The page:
The research team is looking for representatives of philanthropic trusts, foundations, private and public ancillary funds and corporate foundations and trusts ( whether they fund Indigenous causes or not) who are best placed to report on their organisation’s financial support.
Responses are kept confidential: for further information see the Participant Information Sheet.
To access the survey, click here.
Categories: environment, guest post, indigenous, topical issues, events
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(The following guest post is by the Australian Environmental Grantmakers Network.)
Did you know that Indigenous people formally own 1.7 million square kilometers of land in Australia or nearly 23% of the continent and are responsible for sea management across parts of the Australian coast including 85% of the Northern Territory coastline? Indigenous people have a connection with Australian country that has existed for thousands of years.
Cultivating this connection not only brings about conservation outcomes but cultural, economic, health and education benefits. However, reliable information about the work of indigenous groups and individuals and those supporting them can be hard to find. What is the nature of this land and sea ownership, which institutions facilitate this relationship and what is the role of philanthropy in this sector? Are there good philanthropic examples we can learn from?
The Australian Environmental Grantmakers Network (AEGN) is holding its annual Conference on the 29th of June 2011 at the Melbourne Museum. This year the conference theme is Indigenous and environmental and funding.
International guest speaker, Diane Christensen of the U.S. based Christensen Fund, will speak about her journey in philanthropy and why the Fund focuses on Indigenous and environmental funding. Did you know that The Christensen Fund has had a long history with Australia? Its founder, Allen Christensen, visited regularly since the 1950s, and his company, Utah International, did much business here in the mining sector until its merger with BHP in Australia and General Electric in the USA in 1971 (the latter then the largest private merger on record). Subsequently Allen developed Southern Cross Mines, a joint venture evaporate salt project in Western Australia.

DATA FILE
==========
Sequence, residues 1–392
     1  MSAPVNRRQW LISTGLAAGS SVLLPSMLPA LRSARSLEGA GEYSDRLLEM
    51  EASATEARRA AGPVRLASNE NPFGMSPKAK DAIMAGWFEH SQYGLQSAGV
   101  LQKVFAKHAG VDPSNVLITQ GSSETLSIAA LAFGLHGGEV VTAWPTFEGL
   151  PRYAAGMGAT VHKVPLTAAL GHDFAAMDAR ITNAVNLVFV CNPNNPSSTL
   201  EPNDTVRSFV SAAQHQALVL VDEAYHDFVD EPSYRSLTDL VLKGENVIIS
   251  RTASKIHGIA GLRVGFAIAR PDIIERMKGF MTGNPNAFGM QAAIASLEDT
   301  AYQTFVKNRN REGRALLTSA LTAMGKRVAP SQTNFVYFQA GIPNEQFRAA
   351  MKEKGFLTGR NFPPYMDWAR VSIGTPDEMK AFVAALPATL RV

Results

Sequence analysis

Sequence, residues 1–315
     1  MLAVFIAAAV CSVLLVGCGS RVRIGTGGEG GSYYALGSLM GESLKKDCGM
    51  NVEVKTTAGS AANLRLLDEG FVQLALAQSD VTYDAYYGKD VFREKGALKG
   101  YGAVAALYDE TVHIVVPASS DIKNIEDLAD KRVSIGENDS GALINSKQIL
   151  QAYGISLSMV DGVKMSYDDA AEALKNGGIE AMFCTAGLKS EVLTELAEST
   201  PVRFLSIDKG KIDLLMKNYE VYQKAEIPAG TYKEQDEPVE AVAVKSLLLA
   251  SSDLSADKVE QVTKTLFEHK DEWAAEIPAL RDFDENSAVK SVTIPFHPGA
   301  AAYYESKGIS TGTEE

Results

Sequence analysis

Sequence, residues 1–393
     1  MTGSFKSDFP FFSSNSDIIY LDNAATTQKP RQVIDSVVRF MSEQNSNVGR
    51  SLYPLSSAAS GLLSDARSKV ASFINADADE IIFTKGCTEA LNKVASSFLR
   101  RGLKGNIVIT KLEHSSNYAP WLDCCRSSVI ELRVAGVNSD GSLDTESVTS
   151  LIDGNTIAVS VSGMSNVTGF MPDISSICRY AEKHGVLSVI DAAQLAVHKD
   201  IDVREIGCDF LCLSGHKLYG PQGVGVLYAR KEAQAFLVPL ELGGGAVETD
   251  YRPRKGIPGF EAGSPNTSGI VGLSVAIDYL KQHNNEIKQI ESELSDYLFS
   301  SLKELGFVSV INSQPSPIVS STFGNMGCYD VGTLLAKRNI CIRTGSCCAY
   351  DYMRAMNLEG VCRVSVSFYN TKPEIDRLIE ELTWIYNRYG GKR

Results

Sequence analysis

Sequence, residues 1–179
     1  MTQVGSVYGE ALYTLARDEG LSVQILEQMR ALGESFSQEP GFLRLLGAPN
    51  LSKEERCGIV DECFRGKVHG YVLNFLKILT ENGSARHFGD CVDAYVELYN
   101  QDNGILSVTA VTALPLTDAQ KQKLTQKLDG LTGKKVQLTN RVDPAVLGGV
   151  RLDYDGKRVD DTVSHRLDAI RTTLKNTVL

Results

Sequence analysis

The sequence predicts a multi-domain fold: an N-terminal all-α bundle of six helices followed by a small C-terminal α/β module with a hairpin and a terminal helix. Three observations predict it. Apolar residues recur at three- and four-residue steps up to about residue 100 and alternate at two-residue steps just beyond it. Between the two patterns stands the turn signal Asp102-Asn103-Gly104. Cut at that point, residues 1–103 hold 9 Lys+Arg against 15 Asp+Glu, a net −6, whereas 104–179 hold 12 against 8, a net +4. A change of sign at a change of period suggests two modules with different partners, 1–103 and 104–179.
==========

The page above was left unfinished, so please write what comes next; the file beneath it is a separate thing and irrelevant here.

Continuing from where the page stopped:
Other wonderful speakers will talk on issues including the relationship of Indigenous people to country, the institutions that are facilitating this relationship and the many benefits to Indigenous cultural, economic, health and education outcomes that come from helping this relationship to flourish. Together we will explore what funding has worked and why and what the role of philanthropy is and could be. We would love you to join us for this interesting and informative conference.
Categories: indigenous, government, advocacy
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A new Treasury consultation paper has outlined three suggested approaches to tax reform in the area of native title, one of which is a proposed new kind of income tax exempt vehicle, referred to as an Indigenous Community Fund. The potential new vehicle would be established under legislation as a tax-exempt way of managing payments received under native title agreements. It is suggested that such a vehicle might be a suitable alternative to a charitable trust and could overcome some of the limitations of charitable trusts, enabling it to (for example) limit benefits to a specified group of native title holders, or to fund activities associated with establishing a business.
This consultation paper also discusses how existing deductible gift recipient (DGR) categories could be better adapted to reflect the needs of Indigenous communities, including whether a new general DGR category that includes organisations that carry out activities across multiple DGR categories should be created.
Treasury is inviting comment on the consultation paper. The closing date for submissions is Friday 2 July 2010.
Further information and the consultation paper itself available at: http://www.treasury.gov.au/contentitem.asp?NavId=037&ContentID=1809